Boonen is racing again but he appears to be in a lot of pain. He is holding his right collarbone and grimacing as he rides alongside the Quickstep team car.
Just as Boonen remounts his bike and starts to ride again we can report that the four escapees are pushing on and have increased their advantage on the peloton to 1’30"...
Boonen’s crash was at the 102km mark. He is still on the ground and is currently being treated by the race’s medical staff.
There has been another crash in the peloton. This time the riders involved are Boonen, Steegmans and Boom.
This morning LeTour.fr contacted the winner of 12 Tour stages in the past, Robbie McEwen to ask what his thoughts are on the race so far. “There has become what I believe is a worrying trend for sprinters at the Tour along with every other race this year – the Giro, Tour de Suisse and a number of others – where there are less and less flat stages for sprinters," said the Australian who is not racing the Tour this year. "I suppose the organisers are trying to make the races more exciting and make every single day as spectacular as possible with technical and difficult finishes. But I get the impression that pure sprinters are being penalized by this approach.”
The rider who finished fourth in the recent Giro d’Italia has been dropped earlier today and now John Gadret has just had a rear flat tire fixed by his team mechanic.
The four escapees are at the 98km mark. They have been on the attack for 94km and continue to share the workload up front. The route now essentially hugs the northern Brittany coastline and the wind is blowing from behind. Right now, five Leopard Trek riders are moving up the right side of the road at the same time that Evans returns to the peloton after a brief consultation with those in his team car.
The peloton is at the 97km mark and is 55" behind Gutierrez, Valentin, Turgot and Delaplace.
Christophe Kern (EUR) is the third rider to quit the 2011 Tour. He is the recently crowned French TT champion but he has just stopped...
Saxo Bank-SunGard riders have been able to bring their leader Alberto Contador to the front of the pack. He is riding with a torn jersey (on the left shoulder) but there doesn’t appear to be much blood...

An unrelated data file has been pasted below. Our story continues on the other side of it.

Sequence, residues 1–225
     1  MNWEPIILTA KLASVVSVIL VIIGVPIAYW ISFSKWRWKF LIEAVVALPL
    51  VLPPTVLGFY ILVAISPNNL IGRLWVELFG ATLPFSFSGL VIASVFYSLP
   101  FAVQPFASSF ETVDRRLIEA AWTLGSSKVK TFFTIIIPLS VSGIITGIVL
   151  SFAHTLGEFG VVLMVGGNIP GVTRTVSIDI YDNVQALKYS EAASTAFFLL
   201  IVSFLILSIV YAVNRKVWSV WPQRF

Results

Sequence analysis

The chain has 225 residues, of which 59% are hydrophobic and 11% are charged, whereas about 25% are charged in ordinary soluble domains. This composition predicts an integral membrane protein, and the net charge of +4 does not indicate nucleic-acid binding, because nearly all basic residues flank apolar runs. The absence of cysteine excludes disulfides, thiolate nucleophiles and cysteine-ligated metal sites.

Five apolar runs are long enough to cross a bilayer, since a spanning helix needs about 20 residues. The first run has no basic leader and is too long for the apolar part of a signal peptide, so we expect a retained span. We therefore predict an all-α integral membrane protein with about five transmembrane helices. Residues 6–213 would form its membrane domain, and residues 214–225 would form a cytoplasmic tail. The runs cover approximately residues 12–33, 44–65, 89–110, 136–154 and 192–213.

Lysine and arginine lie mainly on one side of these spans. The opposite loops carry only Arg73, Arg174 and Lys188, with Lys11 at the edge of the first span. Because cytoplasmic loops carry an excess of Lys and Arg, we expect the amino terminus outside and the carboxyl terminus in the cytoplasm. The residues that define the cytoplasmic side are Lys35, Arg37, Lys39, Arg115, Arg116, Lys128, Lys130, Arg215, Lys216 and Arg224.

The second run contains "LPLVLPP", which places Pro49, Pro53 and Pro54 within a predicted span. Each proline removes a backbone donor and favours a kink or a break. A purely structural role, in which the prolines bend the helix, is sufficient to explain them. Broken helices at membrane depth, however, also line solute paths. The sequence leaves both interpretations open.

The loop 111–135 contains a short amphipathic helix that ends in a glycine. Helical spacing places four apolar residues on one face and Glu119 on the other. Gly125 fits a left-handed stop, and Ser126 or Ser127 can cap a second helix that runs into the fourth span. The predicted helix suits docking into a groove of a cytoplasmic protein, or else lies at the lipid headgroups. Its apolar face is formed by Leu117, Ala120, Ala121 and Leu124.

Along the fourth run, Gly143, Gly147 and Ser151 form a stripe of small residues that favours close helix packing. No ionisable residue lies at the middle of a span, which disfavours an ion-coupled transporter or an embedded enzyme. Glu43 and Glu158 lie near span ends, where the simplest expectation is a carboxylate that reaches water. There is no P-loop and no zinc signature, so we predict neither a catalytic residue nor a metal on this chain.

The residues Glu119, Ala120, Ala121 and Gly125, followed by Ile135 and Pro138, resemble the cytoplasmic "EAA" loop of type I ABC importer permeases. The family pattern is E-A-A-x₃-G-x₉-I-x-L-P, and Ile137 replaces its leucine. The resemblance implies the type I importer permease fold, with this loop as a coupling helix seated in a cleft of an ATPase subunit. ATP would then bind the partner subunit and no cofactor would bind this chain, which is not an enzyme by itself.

There is a battle for positioning going on at the head of the peloton. Garmin has been in command for most of the stage but there are now three light blue jerseys from the Astana team at the front of the pack that’s speeding along in the fifth stage just 40" behind the four escapees.
In an earlier newsflash it was said that Cadel Evans was the first Australian to lead the Vuelta a España. This is not true as that honor went to Bradley McGee - who was the first Australian to have led all three Grand Tours. Apologies for the error in reporting.
After his recent dramatic crash Nicki Sorensen is back on a bike and racing again. He’s attempting to rejoin the peloton that is now 1’15" behind the four escapees.
The second hour has been raced at an rapid average speed of 46.8km/h. The average for the first two hours is 45.0km/h.
There has been another crash in the peloton. Nicki Sorensen was caught in a crash. He has slid along the right side of the road but is standing again...
The Garmin team is now the one that’s assumed position at the front of the peloton.
The peloton is strung out in a long line because of the rapid pace but Contador and Gesink have both been able to rejoin the main bunch that appears to have been led by riders from the Leopard-Trek team of late...
The Contador group is about to get to the back of the peloton. There was quite a split after the spate of crashes which claimed the leader of the RadioShack team, Brajkovic (who is now in the ambulance and on his way to hospital to get some head injuries treated).
The Leopard-Trek team as now at the front of the peloton that is... ah, not exactly waiting around for Contador and Gesink to catch up.
Alberto Contador has just signaled to cameras that he’s okay. He is racing to rejoin the peloton with the support of several Saxo Bank team-mates. Right on his wheel are Boom and Gesink from the Rabobank team.
One of the leaders of the RadioShack team, Janez Brajkovic has abandoned the Tour de France. He crashed at the 71km mark.
The Contador crash was around the 72km mark. While Brajkovic and Gesink fell about 1km earlier.
1. Turgot (EUR) 20pts 2. Valentin (COF) 17pts 3. Gutierrez (MOV) 15pts 4. Delaplace (SAU) 13pts 5. Bozic (VCD) 11pts 6. Boonen (QST) 10pts 7. Duque (COF) 9pts 8. Feillu (VCD) 8pts 9. Rojas (MOV) 7pts 10. Gilbert (OLO) 6pts 11. Delage (FDJ) 5pts 12. Isaichev (KAT) 4pts 13. Cavendish (THR) 3pts 14. Ventoso (MOV) 2pts 15. Petacchi (LAM) 1pts
Contador is racing again after getting a new bike.